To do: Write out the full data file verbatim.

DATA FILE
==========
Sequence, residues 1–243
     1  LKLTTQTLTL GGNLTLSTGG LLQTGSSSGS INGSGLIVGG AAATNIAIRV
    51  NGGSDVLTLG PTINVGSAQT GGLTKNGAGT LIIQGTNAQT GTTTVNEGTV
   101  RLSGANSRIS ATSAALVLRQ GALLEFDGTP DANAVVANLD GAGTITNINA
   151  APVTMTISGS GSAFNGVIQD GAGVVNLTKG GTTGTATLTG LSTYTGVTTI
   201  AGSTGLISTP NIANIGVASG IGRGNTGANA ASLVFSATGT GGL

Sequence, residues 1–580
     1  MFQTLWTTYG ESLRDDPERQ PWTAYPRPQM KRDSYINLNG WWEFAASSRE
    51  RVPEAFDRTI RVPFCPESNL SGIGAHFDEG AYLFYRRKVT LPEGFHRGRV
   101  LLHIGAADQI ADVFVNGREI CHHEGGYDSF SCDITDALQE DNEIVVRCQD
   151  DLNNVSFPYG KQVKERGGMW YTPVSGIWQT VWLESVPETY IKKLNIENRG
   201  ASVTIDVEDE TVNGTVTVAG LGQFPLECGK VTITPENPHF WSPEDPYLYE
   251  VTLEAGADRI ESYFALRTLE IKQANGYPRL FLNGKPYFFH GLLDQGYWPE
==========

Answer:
Sequence, residues 1–243
     1  LKLTTQTLTL GGNLTLSTGG LLQTGSSSGS INGSGLIVGG AAATNIAIRV
    51  NGGSDVLTLG PTINVGSAQT GGLTKNGAGT LIIQGTNAQT GTTTVNEGTV
   101  RLSGANSRIS ATSAALVLRQ GALLEFDGTP DANAVVANLD GAGTITNINA
   151  APVTMTISGS GSAFNGVIQD GAGVVNLTKG GTTGTATLTG LSTYTGVTTI
   201  AGSTGLISTP NIANIGVASG IGRGNTGANA ASLVFSATGT GGL

Sequence, residues 1–580
     1  MFQTLWTTYG ESLRDDPERQ PWTAYPRPQM KRDSYINLNG WWEFAASSRE
    51  RVPEAFDRTI RVPFCPESNL SGIGAHFDEG AYLFYRRKVT LPEGFHRGRV
   101  LLHIGAADQI ADVFVNGREI CHHEGGYDSF SCDITDALQE DNEIVVRCQD
   151  DLNNVSFPYG KQVKERGGMW YTPVSGIWQT VWLESVPETY IKKLNIENRG
   201  ASVTIDVEDE TVNGTVTVAG LGQFPLECGK VTITPENPHF WSPEDPYLYE
   251  VTLEAGADRI ESYFALRTLE IKQANGYPRL FLNGKPYFFH GLLDQGYWPE